I understand that the local authority has put forward a suggestion in relation to the taking over and use of Abbey Hostel. Our report is not as favourable as that of my hon. Friend. First, it is a prefabricated building. Secondly, its layout is not suitable for a maternity unit; the interior would have to be completely demolished and rebuilt and the layout re-designed in order to conform to the standards upon which the service now insists in regard to maternity units. To adapt a unit of this very small size—at present it would take only 10 or 12 beds—would cost many thousands of pounds. There is no provision for anything that could be turned into a labour ward, and one would have to be built. This would probably take up the space of two of those 12 beds. It is true that there are some sterilising facilities there, but it is not suitable for a maternity unit.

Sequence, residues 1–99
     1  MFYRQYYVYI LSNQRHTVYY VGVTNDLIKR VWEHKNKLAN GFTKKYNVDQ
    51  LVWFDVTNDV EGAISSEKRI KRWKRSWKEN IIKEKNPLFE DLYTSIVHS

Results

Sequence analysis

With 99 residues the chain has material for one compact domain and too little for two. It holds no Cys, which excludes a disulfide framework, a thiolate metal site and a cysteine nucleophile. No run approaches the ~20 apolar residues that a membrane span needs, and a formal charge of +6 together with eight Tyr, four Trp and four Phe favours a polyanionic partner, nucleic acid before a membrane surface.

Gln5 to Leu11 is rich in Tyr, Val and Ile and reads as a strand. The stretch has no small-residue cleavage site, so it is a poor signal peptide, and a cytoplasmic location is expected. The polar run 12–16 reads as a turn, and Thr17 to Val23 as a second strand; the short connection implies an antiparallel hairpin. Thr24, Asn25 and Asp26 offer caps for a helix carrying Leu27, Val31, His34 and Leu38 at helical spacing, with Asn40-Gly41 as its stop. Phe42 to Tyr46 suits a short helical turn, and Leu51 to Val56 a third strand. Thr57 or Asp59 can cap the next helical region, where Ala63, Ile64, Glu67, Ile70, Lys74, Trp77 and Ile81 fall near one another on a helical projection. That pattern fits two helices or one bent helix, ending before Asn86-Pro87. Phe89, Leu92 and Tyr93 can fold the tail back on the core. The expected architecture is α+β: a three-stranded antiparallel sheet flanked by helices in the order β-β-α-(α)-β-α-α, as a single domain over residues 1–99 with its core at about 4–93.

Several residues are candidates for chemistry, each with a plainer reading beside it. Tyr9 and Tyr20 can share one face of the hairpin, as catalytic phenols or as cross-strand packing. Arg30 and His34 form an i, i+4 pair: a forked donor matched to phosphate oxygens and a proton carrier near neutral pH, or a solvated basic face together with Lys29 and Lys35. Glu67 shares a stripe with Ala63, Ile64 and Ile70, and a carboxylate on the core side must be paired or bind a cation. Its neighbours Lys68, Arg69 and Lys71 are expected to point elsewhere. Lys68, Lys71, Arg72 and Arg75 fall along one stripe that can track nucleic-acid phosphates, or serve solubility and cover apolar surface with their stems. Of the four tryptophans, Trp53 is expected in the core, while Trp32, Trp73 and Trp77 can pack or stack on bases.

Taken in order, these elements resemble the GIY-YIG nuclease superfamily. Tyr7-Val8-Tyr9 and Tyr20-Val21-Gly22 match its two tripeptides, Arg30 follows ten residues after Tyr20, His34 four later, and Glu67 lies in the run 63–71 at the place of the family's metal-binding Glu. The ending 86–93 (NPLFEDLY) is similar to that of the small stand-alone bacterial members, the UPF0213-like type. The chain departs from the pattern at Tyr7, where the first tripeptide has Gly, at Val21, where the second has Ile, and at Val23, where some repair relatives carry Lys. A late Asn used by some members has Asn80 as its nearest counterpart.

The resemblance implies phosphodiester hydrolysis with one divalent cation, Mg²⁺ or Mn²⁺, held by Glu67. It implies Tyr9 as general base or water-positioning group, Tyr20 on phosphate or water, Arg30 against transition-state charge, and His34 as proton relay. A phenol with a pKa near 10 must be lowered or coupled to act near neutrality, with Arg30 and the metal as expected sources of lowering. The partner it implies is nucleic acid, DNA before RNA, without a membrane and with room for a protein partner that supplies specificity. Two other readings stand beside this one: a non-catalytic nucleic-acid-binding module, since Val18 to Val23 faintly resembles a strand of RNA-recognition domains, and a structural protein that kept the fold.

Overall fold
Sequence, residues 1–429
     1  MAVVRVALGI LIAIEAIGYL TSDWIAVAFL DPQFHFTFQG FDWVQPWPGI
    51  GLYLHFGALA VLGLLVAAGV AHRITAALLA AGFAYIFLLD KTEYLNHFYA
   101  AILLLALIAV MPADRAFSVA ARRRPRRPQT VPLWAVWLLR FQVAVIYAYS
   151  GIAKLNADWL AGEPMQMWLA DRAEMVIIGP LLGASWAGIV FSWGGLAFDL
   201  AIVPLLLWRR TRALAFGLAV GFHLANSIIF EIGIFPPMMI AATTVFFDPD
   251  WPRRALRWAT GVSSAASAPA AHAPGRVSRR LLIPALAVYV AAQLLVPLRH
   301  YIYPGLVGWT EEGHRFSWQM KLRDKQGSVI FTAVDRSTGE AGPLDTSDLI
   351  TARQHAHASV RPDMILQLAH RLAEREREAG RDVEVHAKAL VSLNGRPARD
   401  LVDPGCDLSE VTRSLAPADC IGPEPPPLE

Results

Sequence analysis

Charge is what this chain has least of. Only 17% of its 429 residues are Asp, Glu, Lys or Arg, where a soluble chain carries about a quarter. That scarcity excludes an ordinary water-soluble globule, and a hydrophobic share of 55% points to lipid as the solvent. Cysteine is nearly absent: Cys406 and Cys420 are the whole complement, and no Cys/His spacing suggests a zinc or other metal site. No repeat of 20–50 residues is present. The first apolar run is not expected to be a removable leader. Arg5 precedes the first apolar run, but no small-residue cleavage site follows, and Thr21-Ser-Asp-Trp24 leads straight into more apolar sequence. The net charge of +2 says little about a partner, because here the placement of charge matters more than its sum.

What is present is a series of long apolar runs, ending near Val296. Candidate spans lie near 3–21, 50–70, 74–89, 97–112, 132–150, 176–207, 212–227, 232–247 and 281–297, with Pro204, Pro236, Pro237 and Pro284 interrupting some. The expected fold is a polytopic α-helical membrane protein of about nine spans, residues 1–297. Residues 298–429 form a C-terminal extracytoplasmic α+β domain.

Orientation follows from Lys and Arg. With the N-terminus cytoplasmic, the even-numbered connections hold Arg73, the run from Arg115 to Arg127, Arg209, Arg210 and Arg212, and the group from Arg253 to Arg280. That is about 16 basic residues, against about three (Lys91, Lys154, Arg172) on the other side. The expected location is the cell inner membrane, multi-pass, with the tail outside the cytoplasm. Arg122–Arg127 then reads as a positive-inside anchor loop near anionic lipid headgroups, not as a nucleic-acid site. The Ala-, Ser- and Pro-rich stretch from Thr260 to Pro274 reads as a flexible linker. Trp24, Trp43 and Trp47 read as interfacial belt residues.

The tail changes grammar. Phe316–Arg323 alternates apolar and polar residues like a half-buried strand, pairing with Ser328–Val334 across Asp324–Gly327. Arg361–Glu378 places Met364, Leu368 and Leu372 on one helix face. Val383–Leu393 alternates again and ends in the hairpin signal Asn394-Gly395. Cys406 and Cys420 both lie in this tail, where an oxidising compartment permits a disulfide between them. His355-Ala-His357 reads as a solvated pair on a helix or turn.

The capital expenditure on this unit would be very high, and, even if we could get over the staffing problem—which I very much doubt, in the light of our difficulty in finding staff for 17 beds at Bromsgrove—it would be a unit of only about 10 beds, which we have found from experience to be an extraordinarily costly unit to run, and one which carries costs in staffing and equipment far and away above those of a general hospital or, in many cases, even a teaching hospital. It would be a small unit, isolated from the general hospital services which, as I have said, can provide overall a better and wider service for mothers than can such a very small unit.